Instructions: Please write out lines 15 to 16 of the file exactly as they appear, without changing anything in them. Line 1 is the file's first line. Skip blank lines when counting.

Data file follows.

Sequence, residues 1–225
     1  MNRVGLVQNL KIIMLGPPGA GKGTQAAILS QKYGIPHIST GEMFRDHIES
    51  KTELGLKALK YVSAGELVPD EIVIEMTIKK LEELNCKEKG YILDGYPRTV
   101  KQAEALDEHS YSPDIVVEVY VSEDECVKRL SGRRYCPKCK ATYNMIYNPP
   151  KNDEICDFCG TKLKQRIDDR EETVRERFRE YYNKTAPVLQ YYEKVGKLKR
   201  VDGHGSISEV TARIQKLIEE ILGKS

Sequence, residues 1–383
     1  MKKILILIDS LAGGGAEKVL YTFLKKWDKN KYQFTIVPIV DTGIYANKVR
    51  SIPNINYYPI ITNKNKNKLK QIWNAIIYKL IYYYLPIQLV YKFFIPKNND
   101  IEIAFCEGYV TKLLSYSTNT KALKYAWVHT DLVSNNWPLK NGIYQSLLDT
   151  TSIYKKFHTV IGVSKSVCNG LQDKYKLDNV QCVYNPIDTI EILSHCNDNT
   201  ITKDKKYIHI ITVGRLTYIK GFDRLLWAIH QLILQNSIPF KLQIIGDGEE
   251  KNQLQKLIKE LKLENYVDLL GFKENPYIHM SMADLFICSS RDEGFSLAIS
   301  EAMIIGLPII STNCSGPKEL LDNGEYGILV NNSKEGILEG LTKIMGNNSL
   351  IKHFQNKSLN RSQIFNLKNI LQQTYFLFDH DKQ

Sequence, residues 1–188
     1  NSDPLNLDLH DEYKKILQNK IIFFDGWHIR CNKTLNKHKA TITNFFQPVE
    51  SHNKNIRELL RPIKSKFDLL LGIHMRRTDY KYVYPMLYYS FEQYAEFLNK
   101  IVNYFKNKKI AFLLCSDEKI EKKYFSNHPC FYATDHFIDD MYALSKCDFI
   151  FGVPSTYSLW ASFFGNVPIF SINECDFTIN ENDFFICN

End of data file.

   351  IKHFQNKSLN RSQIFNLKNI LQQTYFLFDH DKQ

Sequence, residues 1–188